MHMRA of Harris County - Annual Report Fiscal 2013-2014 - Page 9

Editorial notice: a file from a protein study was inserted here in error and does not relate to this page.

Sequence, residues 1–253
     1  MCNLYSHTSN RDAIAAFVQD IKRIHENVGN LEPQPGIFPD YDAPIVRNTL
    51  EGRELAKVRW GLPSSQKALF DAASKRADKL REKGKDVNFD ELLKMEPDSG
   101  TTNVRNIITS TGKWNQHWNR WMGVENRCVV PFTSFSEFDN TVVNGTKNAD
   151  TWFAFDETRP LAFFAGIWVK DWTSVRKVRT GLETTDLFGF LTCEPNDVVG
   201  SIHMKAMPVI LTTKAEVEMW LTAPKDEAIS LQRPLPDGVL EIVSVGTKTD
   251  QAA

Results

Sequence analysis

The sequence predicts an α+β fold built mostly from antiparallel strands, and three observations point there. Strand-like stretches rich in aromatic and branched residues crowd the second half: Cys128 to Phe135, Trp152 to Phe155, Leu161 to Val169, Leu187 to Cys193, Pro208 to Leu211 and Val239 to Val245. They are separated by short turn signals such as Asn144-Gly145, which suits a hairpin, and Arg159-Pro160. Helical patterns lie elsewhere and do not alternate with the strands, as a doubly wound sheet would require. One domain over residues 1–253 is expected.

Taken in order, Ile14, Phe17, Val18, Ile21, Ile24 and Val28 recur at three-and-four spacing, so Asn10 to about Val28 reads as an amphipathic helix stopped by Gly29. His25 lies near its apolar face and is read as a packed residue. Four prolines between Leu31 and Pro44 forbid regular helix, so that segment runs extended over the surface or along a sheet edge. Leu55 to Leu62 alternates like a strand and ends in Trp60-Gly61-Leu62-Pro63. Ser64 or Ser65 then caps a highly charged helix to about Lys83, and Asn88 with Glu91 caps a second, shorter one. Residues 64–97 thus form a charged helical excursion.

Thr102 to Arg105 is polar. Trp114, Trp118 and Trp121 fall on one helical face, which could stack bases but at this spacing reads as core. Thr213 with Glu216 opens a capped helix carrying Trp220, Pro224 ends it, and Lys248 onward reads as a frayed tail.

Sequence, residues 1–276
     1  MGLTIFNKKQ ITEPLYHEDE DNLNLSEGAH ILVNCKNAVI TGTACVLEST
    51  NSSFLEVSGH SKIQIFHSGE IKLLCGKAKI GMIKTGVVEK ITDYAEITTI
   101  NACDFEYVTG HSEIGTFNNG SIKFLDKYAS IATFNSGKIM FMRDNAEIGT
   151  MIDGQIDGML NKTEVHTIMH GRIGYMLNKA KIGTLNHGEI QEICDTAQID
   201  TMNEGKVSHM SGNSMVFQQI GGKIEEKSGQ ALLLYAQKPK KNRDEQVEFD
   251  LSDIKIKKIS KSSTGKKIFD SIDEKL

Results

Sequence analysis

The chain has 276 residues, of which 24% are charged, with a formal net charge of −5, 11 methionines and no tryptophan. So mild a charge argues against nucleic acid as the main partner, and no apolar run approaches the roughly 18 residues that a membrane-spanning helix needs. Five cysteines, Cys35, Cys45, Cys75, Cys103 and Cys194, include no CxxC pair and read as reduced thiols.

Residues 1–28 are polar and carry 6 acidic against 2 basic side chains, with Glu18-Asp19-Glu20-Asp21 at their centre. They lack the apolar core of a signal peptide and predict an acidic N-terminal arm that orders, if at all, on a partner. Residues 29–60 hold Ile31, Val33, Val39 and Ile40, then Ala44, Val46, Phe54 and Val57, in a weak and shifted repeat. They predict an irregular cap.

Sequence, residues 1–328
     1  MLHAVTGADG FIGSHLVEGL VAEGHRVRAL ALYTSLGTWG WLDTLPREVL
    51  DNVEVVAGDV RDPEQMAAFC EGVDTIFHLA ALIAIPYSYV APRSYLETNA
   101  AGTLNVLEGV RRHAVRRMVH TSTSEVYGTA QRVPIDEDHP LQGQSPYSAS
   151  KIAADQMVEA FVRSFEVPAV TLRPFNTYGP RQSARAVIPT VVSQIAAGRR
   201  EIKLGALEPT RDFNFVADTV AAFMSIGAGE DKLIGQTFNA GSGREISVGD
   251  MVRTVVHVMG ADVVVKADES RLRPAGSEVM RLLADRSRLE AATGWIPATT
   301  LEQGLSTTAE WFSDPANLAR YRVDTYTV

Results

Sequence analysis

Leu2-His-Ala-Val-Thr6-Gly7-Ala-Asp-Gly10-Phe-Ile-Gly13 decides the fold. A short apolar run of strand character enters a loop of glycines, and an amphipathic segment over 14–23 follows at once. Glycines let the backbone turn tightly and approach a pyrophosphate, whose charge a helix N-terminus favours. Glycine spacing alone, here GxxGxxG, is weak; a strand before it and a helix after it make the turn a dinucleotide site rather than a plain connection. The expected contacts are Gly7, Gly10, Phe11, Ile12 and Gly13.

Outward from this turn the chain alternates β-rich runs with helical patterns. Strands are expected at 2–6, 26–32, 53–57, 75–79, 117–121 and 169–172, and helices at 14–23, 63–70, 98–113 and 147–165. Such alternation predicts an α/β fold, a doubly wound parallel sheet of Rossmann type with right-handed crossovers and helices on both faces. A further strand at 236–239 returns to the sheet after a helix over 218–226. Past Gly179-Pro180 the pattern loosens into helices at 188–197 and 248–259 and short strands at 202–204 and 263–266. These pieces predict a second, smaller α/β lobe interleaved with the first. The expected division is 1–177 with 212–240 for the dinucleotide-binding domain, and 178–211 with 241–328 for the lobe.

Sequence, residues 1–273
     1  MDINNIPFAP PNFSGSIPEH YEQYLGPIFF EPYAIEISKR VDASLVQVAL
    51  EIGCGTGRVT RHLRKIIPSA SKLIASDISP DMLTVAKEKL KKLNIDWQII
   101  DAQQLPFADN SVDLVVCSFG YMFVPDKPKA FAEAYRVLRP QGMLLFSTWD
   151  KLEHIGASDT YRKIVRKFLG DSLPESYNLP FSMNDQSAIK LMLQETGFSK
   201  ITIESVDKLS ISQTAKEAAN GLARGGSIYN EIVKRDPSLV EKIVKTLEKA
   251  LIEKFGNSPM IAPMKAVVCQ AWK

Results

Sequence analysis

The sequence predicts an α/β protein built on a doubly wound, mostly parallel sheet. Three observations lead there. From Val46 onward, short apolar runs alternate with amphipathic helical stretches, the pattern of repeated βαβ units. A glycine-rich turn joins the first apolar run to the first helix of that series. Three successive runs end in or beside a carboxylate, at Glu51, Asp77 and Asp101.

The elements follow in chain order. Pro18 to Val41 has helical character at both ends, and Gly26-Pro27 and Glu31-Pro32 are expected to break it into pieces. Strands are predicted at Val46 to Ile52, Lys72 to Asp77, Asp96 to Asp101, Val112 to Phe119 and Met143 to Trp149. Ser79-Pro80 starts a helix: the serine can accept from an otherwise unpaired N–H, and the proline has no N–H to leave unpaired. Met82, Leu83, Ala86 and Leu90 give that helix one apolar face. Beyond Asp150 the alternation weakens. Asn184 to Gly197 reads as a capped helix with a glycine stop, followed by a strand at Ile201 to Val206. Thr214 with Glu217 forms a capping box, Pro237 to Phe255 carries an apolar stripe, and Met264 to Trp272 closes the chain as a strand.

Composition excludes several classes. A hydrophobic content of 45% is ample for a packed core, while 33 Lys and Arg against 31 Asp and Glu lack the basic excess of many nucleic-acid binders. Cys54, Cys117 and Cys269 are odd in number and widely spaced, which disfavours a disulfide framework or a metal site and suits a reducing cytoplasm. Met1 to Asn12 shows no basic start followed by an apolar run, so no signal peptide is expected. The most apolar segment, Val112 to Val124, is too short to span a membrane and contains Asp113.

Wraparound and in-home services for high-risk consumers with IDD and Autism Spectrum Disorders and their families were also established in order to avoid utilization of intensive, more costly services. A liaison team of MHMRA experts was also formed to provide consultative services to physicians who treat consumers with co-occuring IDD and Mental Illness disorders while they are in treatment at the University of Texas Harris County Psychiatric Center (UTHCPC) or the NeuroPsychiatric Center (NPC). Services include assisting patients admitted to UTHCPC to apply for MHMRA IDD services; providing IDD consultation services to UTHCPC and NPC staff; providing liaison services between UTHCPC staff and MHMRA of Harris County; and providing liaison services between Harris County Probate Courts housed at UTHCPC and MHMRA of Harris County. More Individuals with a dual diagnosis of IDD and mental illness are seeing improved services and supports p s yc h i at r i c Em e r g e n c y S e r v i c e s T he 1115 Medicaid Waiver dollars also helped address another major concern: emergency rooms across the County being overburdened by mental health crisis visits. One of the projects to assist in reducing this pressure is the Interim Care Clinic (ICC), where Individuals who need urgent mental health care are now diverted from seeking care through the emergency system and welcomed into renovated, expanded staffing, and extended service hours. The expansion for the ICC also provides a benefit for the staff of our Center’s acute Psychiatric Emergency Services (PES), who can now focus efforts on the most severe cases and individuals who are brought in by law enforcement officers. In addition, those with urgent care needs are now able to receive services in a more timely fashion. Individuals seeking services at the ICC do not necessarily have to be established MHMRA patients. The ICC can address needs that don’t require routine outpatient mental health services, or if the patients don’t have an assigned provider at the time and their condition might deteriorate to the point of needing hospitalization if they don’t receive timely services. Our partnerships with local Law Enforcement organizations strengthened over the last two years. Crisis Intervention Response Teams (CIRT) increased from 13 to 19 by the end of Fiscal Year 2014. Speciallytrained officers from the Houston Police Department and the Harris County Sheriff ’s Office team up with an MHMRA licensed clinician in a squad car to help resolve mental health crisis calls at the scene before they may deteriorate further and result in hospitalization or incarceration. CIRT helps divert individuals from jail – less than 1 percent of all CIRT calls result in an individual being transported to jail. Conversely, 99 percent of individuals who could be charged are not, and are provided mental health treatment instead. CIRT is not the only collaborative program between our Center and local law enforcement. The list of programs on the next section describes more innovative ways our clinicians and officers equipped with crisis intervention training are teaming up to more effectively resolve mental health crises that could otherwise worsen, or facilitate individual access to more intensive crisis intervention services, if needed. Annual Report 2013-2014 | Building Brighter Possibilities | pg. 6